3D printers employ a variety of materials, including plastics and polymers, steel, titanium, gold, and ceramic. This versatility means 3D printed models can be used for everything from artistic sculptures to airplane components. Some 3D printers can even print proteins and chemicals, enabling the devices to create foods and medicines.
Here are some applications for 3D printing:
Low volume manufacturing
3D printing will allow manufacturers to license the rights to their designs, which could be made downloadable to the licensee to 3D print. The technology could also bring production levels more in line with demand, thereby saving on production, shipment and storage costs.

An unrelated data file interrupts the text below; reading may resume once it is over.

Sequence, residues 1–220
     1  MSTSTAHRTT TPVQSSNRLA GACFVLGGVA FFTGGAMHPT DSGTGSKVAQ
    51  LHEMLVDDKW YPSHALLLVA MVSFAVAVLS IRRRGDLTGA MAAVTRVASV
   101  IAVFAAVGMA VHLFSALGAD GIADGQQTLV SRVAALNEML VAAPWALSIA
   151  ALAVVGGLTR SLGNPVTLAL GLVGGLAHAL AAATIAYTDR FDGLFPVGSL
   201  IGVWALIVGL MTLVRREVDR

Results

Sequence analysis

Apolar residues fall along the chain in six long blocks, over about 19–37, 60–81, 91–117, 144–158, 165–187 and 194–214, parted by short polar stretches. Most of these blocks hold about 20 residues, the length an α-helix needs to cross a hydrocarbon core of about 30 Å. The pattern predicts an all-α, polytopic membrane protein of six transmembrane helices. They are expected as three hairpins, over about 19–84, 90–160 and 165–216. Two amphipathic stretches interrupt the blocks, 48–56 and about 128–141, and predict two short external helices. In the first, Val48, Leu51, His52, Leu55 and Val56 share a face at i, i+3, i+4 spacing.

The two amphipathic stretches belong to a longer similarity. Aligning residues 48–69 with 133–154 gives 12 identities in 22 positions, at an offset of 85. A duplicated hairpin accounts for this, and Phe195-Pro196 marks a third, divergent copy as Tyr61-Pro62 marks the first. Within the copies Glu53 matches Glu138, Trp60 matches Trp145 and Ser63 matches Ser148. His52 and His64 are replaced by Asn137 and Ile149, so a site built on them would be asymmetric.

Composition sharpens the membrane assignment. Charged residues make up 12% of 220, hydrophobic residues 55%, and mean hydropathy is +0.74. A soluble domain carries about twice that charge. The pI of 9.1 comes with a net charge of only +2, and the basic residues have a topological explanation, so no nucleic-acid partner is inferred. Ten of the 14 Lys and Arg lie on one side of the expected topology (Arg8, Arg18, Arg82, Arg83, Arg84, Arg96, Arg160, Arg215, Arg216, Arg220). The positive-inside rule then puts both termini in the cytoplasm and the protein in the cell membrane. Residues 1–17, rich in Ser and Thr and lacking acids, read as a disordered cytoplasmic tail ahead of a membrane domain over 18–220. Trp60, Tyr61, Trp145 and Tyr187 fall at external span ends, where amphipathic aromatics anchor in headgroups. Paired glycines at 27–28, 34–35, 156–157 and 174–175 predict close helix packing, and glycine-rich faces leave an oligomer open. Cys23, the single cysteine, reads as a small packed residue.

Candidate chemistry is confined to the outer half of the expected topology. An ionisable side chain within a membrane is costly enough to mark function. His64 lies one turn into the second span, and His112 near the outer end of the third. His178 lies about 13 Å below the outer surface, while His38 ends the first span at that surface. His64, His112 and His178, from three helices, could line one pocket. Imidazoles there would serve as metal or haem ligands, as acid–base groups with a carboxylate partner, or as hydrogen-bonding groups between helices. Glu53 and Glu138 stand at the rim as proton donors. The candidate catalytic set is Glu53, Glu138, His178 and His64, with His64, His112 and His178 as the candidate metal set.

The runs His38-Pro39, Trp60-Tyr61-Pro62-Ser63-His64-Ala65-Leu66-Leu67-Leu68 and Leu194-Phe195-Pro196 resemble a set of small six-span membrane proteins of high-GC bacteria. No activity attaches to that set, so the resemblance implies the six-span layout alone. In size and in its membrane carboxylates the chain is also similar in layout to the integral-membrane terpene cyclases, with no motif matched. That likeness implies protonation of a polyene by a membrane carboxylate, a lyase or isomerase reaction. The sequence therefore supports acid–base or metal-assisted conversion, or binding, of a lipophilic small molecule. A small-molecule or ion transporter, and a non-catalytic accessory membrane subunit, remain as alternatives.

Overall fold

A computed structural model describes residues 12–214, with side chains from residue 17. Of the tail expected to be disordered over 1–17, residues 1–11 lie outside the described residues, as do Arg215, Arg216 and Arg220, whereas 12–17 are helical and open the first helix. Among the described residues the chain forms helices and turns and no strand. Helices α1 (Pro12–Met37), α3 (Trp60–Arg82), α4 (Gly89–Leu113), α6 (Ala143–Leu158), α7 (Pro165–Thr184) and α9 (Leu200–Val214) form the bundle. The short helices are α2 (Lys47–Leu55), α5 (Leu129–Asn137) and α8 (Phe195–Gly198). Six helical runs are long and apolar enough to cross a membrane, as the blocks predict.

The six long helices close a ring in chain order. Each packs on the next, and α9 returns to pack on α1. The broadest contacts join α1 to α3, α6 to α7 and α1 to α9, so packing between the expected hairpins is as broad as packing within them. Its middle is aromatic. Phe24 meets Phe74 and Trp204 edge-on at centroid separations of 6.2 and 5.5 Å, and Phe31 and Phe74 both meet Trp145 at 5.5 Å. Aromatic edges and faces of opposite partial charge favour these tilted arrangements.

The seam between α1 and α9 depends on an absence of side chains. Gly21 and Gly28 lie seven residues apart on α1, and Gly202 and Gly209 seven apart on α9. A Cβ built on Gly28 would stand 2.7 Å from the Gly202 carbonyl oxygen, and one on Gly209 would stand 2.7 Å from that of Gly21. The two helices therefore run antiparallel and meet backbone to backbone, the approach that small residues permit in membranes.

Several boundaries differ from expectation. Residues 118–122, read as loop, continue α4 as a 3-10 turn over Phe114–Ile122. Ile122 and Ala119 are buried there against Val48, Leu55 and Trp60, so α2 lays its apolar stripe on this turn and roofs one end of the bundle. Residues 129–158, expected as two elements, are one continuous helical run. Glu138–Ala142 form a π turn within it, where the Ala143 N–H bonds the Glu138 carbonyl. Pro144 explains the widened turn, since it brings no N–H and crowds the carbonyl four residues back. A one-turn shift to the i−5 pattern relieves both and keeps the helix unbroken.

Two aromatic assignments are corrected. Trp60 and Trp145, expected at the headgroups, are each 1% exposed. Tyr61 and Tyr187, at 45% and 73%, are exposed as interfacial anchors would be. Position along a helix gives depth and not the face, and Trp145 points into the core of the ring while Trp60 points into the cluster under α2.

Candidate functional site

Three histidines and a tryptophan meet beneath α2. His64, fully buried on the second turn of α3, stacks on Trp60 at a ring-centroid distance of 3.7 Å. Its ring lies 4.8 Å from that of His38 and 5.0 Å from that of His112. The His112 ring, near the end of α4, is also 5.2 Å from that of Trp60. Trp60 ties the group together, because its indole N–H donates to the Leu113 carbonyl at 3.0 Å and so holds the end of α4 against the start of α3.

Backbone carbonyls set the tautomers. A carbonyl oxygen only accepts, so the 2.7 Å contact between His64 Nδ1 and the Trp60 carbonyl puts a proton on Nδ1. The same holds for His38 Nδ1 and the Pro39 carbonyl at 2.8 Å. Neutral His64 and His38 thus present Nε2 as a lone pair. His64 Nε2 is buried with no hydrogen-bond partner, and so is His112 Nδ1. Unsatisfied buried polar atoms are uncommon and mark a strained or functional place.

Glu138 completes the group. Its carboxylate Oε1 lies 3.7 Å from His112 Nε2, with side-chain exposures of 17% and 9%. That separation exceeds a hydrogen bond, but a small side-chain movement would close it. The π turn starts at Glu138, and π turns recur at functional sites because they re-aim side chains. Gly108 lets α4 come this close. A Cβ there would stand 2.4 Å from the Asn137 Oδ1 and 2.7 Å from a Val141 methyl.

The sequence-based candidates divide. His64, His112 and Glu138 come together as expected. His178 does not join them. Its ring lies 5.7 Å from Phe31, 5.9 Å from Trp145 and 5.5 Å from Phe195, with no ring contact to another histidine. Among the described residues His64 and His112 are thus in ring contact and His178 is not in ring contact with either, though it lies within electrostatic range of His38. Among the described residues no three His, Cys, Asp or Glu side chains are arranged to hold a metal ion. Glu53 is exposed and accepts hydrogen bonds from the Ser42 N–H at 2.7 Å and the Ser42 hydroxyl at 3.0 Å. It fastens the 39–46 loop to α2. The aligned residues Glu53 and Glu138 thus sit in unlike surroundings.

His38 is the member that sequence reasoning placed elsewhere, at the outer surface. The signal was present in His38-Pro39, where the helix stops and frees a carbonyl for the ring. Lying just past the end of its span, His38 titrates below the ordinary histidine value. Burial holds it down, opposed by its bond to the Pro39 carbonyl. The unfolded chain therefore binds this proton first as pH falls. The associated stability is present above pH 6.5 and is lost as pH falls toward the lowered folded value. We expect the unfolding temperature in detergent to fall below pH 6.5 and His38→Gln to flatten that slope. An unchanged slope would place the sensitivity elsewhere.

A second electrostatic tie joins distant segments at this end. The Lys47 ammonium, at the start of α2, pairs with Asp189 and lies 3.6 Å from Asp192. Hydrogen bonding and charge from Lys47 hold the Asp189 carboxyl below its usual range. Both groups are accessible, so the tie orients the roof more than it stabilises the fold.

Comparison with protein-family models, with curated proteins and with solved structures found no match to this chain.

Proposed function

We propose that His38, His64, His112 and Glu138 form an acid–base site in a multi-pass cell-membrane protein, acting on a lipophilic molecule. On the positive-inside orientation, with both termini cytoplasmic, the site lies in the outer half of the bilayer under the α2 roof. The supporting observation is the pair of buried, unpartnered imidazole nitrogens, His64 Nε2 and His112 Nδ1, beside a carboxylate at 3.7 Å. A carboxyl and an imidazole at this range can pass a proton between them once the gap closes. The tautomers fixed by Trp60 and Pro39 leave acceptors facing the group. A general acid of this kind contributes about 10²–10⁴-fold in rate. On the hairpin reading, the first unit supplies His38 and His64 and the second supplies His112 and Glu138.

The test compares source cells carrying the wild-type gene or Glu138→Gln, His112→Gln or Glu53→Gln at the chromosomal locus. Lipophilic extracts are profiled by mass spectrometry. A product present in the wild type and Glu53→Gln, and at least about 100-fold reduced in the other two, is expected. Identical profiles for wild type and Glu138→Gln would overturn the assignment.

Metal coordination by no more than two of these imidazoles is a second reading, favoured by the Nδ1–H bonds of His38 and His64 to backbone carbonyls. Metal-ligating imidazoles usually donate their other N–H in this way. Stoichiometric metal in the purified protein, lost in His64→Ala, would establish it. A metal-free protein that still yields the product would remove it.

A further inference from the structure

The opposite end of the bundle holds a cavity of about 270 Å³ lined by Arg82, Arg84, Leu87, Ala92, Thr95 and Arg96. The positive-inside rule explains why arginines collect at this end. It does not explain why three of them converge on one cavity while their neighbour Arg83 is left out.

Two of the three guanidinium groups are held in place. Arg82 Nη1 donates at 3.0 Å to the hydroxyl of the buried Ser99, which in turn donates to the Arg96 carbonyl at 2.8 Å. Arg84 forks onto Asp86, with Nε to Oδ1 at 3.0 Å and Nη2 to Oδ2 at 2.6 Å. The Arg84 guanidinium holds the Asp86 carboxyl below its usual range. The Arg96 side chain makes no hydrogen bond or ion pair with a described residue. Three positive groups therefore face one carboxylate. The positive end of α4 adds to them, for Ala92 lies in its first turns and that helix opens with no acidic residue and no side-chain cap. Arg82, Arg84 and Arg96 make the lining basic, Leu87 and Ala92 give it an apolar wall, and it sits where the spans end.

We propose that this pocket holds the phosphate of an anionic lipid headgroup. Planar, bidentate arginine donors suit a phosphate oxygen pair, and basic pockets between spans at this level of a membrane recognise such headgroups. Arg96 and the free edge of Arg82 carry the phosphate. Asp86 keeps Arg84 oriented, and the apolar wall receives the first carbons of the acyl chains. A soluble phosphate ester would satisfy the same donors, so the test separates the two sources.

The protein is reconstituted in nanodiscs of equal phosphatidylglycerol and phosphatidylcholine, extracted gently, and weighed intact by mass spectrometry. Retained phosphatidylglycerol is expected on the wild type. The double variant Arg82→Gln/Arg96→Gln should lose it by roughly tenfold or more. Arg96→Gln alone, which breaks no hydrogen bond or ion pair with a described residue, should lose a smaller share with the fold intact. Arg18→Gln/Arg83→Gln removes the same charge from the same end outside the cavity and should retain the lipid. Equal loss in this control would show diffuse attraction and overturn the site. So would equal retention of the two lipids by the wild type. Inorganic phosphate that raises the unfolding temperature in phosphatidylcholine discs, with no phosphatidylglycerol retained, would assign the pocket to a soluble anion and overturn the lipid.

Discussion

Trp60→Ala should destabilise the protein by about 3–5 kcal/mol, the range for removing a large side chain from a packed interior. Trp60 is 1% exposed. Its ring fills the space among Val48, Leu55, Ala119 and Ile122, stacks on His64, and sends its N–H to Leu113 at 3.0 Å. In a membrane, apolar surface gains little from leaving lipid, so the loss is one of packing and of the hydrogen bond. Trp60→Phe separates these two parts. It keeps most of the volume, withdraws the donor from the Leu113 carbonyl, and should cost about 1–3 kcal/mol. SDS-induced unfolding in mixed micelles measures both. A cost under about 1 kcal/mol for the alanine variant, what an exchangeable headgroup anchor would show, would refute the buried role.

What does 3D printing mean for small businesses?
It's important to note that 3D printing continuously evolves. Years ago, rumors spread about the possibility of 3D printers being in every home by now. While that notion proved ambitious, there are practical implications of 3D printing that can benefit your small business.
From prototyping to design considerations to mass customization, 3D printing consistently shows its worth. As the industry evolves, small business owners that manufacture products should keep tabs on changes and use 3D printing when it proves cost and time effective for their business.